A manager may have good reason not to trust an individual but to assume everyone they manage can’t be trusted is to misunderstand their role. The role of a manager is not simply to ensure employees do what they are paid to do but to develop mutual trust and respect. The way a manager deals with someone who abuses that trust is to challenge the individual , perhaps restrict their autonomy until confidence is restored but not to introduced ,”close” supervision of the whole team.
The pandemic forced many organisations to require staff to work from home rather that the office. The technical problems were not, it turned out, insurmountable and managers unease about monitoring and supervising home workers were put aside due to necessity. But old habits are hard to break and stories are emerging of organisations expecting workers to return to the office or instilling surveillance devices to computers.
Organisations which don’t trust their staff like managers who don’t trust their team can not expect employees to trust or respect management. Which is a concern because it is extremely difficult for an organisation to be agile, to respond quickly and smoothly to external circumstances if the workforce does not have confidence and trust in management.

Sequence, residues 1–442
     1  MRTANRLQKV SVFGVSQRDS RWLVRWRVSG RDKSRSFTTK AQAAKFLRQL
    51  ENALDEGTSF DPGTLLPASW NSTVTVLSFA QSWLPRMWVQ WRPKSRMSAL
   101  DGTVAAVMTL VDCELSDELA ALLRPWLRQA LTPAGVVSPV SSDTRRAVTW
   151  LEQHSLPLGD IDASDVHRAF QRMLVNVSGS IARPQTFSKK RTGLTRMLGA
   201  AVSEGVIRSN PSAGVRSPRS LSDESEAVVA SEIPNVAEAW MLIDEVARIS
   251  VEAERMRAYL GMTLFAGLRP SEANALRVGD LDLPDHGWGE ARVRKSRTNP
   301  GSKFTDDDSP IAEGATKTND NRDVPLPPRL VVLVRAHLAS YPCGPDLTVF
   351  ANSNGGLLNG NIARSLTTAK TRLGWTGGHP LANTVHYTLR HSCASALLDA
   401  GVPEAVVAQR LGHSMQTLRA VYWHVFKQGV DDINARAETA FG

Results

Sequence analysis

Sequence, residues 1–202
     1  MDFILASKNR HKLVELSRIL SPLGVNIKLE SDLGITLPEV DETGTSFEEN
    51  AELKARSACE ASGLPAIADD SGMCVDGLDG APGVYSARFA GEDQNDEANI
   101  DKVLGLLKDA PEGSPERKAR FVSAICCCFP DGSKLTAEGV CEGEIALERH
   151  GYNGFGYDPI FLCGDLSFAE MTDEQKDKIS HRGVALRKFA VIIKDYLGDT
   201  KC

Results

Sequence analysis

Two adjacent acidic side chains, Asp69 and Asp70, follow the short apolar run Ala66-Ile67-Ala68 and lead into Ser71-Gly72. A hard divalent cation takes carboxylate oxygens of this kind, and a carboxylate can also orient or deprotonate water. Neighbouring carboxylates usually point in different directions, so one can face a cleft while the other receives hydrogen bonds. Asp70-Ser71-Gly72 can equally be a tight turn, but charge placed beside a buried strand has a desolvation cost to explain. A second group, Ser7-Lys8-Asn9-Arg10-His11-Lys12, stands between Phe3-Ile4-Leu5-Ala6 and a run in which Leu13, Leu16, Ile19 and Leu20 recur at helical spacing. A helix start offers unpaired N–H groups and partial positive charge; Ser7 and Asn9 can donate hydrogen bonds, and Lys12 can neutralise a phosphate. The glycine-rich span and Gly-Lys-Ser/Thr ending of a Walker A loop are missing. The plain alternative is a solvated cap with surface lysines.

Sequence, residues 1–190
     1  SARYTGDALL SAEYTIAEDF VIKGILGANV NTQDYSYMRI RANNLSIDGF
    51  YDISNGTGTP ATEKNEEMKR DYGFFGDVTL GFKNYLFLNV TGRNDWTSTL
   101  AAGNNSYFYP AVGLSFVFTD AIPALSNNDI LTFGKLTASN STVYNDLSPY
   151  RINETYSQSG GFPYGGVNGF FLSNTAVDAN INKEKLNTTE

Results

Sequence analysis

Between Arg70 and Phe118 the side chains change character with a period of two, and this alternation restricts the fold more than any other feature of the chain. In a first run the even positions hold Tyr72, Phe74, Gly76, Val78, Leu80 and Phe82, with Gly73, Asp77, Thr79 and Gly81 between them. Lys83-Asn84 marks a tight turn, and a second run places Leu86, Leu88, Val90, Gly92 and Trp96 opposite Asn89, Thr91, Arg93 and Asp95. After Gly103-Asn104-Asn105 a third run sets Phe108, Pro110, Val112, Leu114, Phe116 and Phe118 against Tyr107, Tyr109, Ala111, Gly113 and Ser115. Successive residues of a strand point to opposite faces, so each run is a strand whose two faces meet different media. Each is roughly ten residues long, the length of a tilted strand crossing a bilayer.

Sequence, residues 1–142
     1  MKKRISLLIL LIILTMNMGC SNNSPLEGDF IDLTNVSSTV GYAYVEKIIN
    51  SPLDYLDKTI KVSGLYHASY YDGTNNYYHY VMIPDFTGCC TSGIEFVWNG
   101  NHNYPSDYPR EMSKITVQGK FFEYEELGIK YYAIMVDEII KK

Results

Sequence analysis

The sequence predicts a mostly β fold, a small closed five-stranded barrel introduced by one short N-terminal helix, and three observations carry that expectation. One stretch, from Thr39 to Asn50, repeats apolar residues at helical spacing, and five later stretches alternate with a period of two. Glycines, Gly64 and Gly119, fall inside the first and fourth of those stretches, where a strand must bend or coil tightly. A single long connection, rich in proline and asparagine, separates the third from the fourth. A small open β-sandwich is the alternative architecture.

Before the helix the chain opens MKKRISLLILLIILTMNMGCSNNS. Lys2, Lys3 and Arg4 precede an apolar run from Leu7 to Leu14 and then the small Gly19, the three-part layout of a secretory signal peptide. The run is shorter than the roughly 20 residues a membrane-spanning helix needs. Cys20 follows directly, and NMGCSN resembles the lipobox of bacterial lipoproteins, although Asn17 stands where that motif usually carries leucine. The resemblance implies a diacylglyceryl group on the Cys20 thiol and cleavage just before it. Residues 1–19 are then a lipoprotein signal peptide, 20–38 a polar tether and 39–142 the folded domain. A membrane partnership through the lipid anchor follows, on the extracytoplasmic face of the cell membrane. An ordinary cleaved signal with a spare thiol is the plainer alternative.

Likewise a manager can hardly complain that their staff don’t take responsibility and use their initiative if that they have learnt they are not trusted to do so. Oppressive management practices are in the long term incompatible with the aim of being an agile organisation. Simply telling managers to trust their employees isn’t going to work. Managers must learn to delegate and empower their workers thus giving them more control over their work.
Trusting employees to get on with their work does not mean abdicating responsibility for their work nor does it involve less communication with individuals about their work. What it does mean is a shift away from checking up on individuals to checking in with them to provide information, guidance and support.